The trial court has no jurisdiction to hear and try Civil Case No. Q-93-18394
based on Article 21 of the New Civil Code since the proper law applicable is
the law of the Kingdom of Saudi Arabia inasmuch as this case involves what
is known in private international law as a "conflicts problem". Otherwise, the
Republic of the Philippines will sit in judgment of the acts done by another
sovereign state which is abhorred.
Leave of court before filing a supplemental pleading is not a jurisdictional
requirement. Besides, the matter as to absence of leave of court is now moot
and academic when this Honorable Court required the respondents to
comment on petitioner's April 30, 1996 Supplemental Petition For Review
With Prayer For A Temporary Restraining Order Within Ten (10) Days From
Notice Thereof. Further, the Revised Rules of Court should be construed with
liberality pursuant to Section 2, Rule 1 thereof.
Petitioner received on April 22, 1996 the April 10, 1996 decision in CA-G.R.
SP NO. 36533 entitled "Saudi Arabian Airlines v. Hon. Rodolfo A. Ortiz, et al."
and filed its April 30, 1996 Supplemental Petition For Review With Prayer For
A Temporary Restraining Order on May 7, 1996 at 10:29 a.m. or within the 15day reglementary period as provided for under Section 1, Rule 45 of the
Revised Rules of Court. Therefore, the decision in CA-G.R. SP NO. 36533
has not yet become final and executory and this Honorable Court can take
cognizance of this case. 33
From the foregoing factual and procedural antecedents, the following issues emerge for our
Petitioner SAUDIA claims that before us is a conflict of laws that must be settled at the
outset. It maintains that private respondent's claim for alleged abuse of rights occurred in
the Kingdom of Saudi Arabia. It alleges that the existence of a foreign element qualifies the
instant case for the application of the law of the Kingdom of Saudi Arabia, by virtue of
the lex loci delicti commissi rule. 34

On the other hand, private respondent contends that since her Amended Complaint is
based on Articles 19 35 and 21 36 of the Civil Code, then the instant case is properly a matter of
domestic law. 37

Under the factual antecedents obtaining in this case, there is no dispute that the interplay of
events occurred in two states, the Philippines and Saudi Arabia.
As stated by private respondent in her Amended Complaint


dated June 23, 1994:

2. Defendant SAUDI ARABIAN AIRLINES or SAUDIA is a foreign airlines

corporation doing business in the Philippines. It may be served with summons
and other court processes at Travel Wide Associated Sales (Phils.). Inc., 3rd
Floor, Cougar Building, 114 Valero St., Salcedo Village, Makati, Metro Manila.
xxx xxx xxx
6. Plaintiff learned that, through the intercession of the Saudi Arabian
government, the Indonesian authorities agreed to deport Thamer and Allah
after two weeks of detention. Eventually, they were again put in service by
defendant SAUDIA. In September 1990, defendant SAUDIA transferred
plaintiff to Manila.
7. On January 14, 1992, just when plaintiff thought that the Jakarta incident
was already behind her, her superiors reauested her to see MR. Ali Meniewy,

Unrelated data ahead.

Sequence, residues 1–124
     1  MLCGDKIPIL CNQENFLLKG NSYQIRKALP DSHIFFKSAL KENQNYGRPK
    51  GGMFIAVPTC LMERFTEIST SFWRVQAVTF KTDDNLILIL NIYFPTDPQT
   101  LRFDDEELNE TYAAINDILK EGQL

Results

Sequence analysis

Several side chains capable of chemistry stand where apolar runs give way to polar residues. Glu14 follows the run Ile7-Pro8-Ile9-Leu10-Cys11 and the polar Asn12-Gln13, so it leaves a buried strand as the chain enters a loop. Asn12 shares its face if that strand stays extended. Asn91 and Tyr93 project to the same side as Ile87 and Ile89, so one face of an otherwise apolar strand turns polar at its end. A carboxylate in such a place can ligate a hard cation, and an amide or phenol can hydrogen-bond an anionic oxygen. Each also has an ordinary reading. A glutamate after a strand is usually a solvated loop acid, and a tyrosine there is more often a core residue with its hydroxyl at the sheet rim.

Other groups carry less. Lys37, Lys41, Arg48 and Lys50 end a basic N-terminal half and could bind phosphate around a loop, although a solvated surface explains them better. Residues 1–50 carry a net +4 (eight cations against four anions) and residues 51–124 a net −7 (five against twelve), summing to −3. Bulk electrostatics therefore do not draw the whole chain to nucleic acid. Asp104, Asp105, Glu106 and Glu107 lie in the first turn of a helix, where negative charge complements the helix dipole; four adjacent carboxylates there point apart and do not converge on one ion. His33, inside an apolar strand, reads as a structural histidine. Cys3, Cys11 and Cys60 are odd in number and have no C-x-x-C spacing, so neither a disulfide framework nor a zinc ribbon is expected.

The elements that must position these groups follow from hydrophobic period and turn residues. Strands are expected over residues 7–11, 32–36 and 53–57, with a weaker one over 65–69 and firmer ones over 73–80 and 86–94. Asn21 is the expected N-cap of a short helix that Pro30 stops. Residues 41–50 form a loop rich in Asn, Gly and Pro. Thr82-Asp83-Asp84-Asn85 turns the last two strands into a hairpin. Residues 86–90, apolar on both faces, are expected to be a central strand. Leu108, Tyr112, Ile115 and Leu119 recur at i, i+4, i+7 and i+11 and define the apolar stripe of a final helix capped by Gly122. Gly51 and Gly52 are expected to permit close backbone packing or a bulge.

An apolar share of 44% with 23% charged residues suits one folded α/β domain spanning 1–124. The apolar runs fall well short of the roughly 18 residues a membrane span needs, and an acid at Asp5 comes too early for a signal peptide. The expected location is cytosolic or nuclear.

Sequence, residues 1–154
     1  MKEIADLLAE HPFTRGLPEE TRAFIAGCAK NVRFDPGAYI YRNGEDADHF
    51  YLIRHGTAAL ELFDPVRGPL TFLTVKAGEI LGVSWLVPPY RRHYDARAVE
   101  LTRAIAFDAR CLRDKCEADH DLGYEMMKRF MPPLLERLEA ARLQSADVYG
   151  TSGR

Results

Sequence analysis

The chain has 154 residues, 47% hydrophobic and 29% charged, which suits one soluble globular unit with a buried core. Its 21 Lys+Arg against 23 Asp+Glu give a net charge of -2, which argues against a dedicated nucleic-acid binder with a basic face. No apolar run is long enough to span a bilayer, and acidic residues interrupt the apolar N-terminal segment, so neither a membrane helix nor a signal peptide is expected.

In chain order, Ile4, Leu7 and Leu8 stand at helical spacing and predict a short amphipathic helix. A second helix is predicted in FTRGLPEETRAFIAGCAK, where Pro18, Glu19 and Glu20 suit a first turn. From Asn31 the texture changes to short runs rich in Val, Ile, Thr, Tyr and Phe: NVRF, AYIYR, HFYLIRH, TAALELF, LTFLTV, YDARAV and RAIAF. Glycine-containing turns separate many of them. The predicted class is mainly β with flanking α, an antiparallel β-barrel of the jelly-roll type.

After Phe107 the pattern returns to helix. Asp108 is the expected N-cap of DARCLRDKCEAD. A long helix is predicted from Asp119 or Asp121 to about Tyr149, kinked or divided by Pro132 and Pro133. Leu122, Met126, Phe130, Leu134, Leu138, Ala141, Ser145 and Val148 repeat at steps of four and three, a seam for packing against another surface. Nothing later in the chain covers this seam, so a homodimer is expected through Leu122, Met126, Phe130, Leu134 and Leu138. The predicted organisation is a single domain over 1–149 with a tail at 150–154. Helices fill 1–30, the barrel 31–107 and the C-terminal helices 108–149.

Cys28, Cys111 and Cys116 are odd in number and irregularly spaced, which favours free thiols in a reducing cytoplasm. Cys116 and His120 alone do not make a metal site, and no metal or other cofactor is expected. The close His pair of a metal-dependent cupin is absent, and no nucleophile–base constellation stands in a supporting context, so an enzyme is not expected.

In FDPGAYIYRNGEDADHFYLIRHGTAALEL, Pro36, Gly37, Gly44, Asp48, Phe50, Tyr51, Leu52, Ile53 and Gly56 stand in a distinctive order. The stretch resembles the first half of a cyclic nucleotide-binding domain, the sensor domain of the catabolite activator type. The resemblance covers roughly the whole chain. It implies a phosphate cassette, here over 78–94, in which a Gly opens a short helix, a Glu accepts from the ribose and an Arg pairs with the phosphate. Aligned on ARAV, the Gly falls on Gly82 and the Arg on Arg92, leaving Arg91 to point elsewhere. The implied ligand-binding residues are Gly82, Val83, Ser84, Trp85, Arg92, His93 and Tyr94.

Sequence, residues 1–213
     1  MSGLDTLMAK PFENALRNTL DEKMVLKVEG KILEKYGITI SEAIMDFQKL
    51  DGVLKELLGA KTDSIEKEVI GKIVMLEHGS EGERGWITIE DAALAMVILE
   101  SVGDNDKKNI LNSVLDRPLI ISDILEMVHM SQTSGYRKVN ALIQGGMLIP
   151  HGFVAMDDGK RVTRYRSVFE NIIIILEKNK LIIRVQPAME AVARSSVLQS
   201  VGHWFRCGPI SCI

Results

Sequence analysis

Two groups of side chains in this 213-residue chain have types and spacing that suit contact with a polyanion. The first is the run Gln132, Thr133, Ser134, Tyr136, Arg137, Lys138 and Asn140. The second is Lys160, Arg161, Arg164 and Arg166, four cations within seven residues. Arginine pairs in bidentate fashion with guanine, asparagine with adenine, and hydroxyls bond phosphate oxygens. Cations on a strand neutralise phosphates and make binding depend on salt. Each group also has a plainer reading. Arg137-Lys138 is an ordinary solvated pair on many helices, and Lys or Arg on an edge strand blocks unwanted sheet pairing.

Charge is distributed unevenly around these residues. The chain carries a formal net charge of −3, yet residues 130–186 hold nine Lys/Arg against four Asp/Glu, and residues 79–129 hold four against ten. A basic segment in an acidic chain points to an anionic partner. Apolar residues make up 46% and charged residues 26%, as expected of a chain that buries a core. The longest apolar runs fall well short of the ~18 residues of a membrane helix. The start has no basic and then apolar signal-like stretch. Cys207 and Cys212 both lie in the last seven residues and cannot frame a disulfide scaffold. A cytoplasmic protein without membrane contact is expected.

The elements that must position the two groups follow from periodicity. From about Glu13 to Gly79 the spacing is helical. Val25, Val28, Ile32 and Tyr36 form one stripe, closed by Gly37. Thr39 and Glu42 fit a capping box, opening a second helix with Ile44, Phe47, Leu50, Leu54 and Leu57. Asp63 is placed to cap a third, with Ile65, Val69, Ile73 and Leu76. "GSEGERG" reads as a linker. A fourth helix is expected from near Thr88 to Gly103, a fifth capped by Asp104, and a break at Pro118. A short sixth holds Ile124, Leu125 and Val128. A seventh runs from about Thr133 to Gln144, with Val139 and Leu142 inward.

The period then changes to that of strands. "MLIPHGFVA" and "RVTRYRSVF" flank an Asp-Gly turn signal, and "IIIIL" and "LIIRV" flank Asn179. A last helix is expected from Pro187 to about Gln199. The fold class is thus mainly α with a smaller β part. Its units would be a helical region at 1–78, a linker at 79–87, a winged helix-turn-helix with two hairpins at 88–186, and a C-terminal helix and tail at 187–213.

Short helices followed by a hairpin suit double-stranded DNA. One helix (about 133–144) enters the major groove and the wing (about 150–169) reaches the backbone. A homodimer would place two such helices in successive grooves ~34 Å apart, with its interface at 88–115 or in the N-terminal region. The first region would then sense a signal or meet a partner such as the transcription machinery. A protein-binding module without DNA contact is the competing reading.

Chief Legal Officer of SAUDIA in Jeddah, Saudi Arabia. When she saw him,
he brought her to the police station where the police took her passport and
questioned her about the Jakarta incident. Miniewy simply stood by as the
police put pressure on her to make a statement dropping the case against
Thamer and Allah. Not until she agreed to do so did the police return her
passport and allowed her to catch the afternoon flight out of Jeddah.
8. One year and a half later or on June 16, 1993, in Riyadh, Saudi Arabia, a
few minutes before the departure of her flight to Manila, plaintiff was not
allowed to board the plane and instead ordered to take a later flight to Jeddah
to see Mr. Meniewy, the Chief Legal Officer of SAUDIA. When she did, a
certain Khalid of the SAUDIA office brought her to a Saudi court where she
was asked to sigh a document written in Arabic. They told her that this was
necessary to close the case against Thamer and Allah. As it turned out,
plaintiff signed a notice to her to appear before the court on June 27,
1993. Plaintiff then returned to Manila.
9. Shortly afterwards, defendant SAUDIA summoned plaintiff to report to
Jeddah once again and see Miniewy on June 27, 1993 for further
investigation. Plaintiff did so after receiving assurance from SAUDIA's Manila
manger, Aslam Saleemi, that the investigation was routinary and that it posed
no danger to her.

10. In Jeddah, a SAUDIA legal officer brought plaintiff to the same Saudi court
on June 27, 1993. Nothing happened then but on June 28, 1993, a Saudi
judge interrogated plaintiff through an interpreter about the Jakarta incident.
After one hour of interrogation, they let her go. At the airport, however, just as
her plane was about to take off, a SAUDIA officer told her that the airline had
forbidden her to take that flight. At the Inflight Service Office where she was
told to go, the secretary of Mr. Yahya Saddick took away her passport and
told her to remain in Jeddah, at the crew quarters, until further orders.
11. On July 3, 1993 a SAUDIA legal officer again escorted plaintiff to the
same court where the judge, to her astonishment and shock, rendered a
decision, translated to her in English, sentencing her to five months
imprisonment and to 286 lashes. Only then did she realize that the Saudi
court had tried her, together with Thamer and Allah, for what happened in
Jakarta. The court found plaintiff guilty of (1) adultery; (2) going to a disco,
dancing, and listening to the music in violation of Islamic laws; (3) socializing
with the male crew, in contravention of Islamic tradition.